Cities such as Portland and Beaverton are already densely concentrated with development. Neither one of them are really contained, expanding as they are to all points of the compass with names such as Gresham, Progress, Tigard, Aloha, Cornelius, Wilsonville, etc., etc.. Where does this stop? Where do people finally say this shall not continue before we no longer have one cubic yard of fresh air within these cities to breathe?

How do we as citizens allow a good thing to be ruined? Example: Automobiles are a marvelous, wonderful, efficient, relatively non-polluting mode of transportation. Supplies of petroleum to fuel them should have been able to last centuries or even milleniums with very little impact in the way of atmospheric pollution. This did not happen because an unwitting and unassertive public has traditionally big business to sell them a bill of goods in the form of the idea that single occupancy motor vehicles are an intelligent means of mass transportation.

Worse than the pollution and resource depletion created by such notions, is the phenomena of population expanding exponentially and spreading physically with devastating consequences. The BigBox is just another one of these notions, as is the casino in the gorge, and the sick myth of gambling as a reasonable means of support for basic essentials such as education of children.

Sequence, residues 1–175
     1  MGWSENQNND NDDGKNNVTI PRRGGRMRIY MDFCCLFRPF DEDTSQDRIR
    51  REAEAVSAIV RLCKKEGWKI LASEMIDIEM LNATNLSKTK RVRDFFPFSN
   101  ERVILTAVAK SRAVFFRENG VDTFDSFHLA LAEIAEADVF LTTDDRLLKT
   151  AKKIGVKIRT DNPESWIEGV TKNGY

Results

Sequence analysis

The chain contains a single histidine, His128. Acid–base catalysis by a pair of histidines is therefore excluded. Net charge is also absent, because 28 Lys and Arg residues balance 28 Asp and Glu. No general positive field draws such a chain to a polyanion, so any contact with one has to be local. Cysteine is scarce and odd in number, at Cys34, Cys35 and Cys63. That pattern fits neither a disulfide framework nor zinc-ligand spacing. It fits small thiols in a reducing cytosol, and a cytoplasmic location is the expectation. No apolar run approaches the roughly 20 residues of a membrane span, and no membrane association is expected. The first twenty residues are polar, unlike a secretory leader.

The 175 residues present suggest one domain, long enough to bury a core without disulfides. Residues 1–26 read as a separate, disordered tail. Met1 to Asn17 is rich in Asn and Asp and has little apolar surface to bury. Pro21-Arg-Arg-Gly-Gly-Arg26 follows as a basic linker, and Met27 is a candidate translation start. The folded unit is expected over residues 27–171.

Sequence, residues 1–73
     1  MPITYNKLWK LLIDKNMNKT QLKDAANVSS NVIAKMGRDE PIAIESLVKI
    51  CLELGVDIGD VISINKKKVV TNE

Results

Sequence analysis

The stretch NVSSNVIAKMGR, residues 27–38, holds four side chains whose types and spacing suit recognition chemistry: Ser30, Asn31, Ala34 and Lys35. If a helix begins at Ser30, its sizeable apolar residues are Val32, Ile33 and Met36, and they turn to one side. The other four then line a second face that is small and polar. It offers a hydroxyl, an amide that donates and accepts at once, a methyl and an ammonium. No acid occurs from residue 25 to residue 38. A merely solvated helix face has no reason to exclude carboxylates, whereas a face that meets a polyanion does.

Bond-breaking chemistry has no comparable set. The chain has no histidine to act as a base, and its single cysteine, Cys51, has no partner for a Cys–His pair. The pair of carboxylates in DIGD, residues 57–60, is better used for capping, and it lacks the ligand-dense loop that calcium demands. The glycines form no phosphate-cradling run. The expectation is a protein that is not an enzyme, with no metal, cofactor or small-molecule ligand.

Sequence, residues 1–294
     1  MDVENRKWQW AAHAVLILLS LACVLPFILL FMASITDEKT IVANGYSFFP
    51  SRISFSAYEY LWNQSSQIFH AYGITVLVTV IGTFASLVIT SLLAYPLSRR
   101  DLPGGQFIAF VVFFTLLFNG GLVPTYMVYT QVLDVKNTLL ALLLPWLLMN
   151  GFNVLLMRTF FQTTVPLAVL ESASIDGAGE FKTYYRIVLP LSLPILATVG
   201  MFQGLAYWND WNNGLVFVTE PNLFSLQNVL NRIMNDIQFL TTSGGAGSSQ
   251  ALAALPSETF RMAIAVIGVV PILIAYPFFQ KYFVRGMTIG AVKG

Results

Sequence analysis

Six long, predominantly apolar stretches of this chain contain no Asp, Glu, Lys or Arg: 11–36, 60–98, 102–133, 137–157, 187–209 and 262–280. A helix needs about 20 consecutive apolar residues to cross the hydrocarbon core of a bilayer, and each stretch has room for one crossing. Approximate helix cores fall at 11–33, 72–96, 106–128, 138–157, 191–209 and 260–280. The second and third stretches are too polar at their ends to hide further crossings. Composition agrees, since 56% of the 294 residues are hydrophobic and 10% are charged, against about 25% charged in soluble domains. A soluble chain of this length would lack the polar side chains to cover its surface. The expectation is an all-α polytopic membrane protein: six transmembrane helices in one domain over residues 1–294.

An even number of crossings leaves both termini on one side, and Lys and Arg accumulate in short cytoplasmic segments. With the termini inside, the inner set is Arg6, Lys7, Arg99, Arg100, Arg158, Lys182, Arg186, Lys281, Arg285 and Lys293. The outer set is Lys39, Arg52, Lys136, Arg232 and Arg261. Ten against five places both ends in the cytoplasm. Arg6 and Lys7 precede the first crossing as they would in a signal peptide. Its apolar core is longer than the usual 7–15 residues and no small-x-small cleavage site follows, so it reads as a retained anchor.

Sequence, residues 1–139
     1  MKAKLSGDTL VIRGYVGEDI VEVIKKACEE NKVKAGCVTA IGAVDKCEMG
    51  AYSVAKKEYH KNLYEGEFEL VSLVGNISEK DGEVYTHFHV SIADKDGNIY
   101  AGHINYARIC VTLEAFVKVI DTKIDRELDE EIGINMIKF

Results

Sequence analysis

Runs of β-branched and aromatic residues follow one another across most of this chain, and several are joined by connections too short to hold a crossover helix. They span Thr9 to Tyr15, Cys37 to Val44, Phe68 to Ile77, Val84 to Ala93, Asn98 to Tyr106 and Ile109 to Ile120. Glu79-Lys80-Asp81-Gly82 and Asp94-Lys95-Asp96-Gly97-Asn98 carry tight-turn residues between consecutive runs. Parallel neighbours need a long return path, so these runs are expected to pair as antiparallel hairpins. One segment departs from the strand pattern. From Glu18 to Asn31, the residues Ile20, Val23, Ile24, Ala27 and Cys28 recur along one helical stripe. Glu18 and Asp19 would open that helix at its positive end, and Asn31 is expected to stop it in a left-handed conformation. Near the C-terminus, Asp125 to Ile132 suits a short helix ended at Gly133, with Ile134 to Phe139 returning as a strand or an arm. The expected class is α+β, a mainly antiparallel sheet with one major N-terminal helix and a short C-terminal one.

Dorothy English has won the right to desecrate her acerage up in the hills. In her remaining years, let her wallow in the short term revenue producing eyseore she seeks to create there. May the public see the end to this self defeating type of action, and seek to seize their right to have a direct hand in perpetuating life-giving, sustainable surroundings such as those welcoming the first guests to these lands.

walmart....homedepot....casinos....Take a hike into oblivion.

Walmarts have run out of rural areas to locate in 08.Apr.2005 16:19

cities now being targeted

To Wanda: head's up, before you say "please, plant your Walmart here in Portland". That's the next level of this fight. Walmart is quickly running out of rural areas to place their stores. And, believe me, there is a shitstorm of a campaign planned to fight their growth - here and abroad. So, join us in the battle in Beaverton and Gresham, cause that's where the battle is now.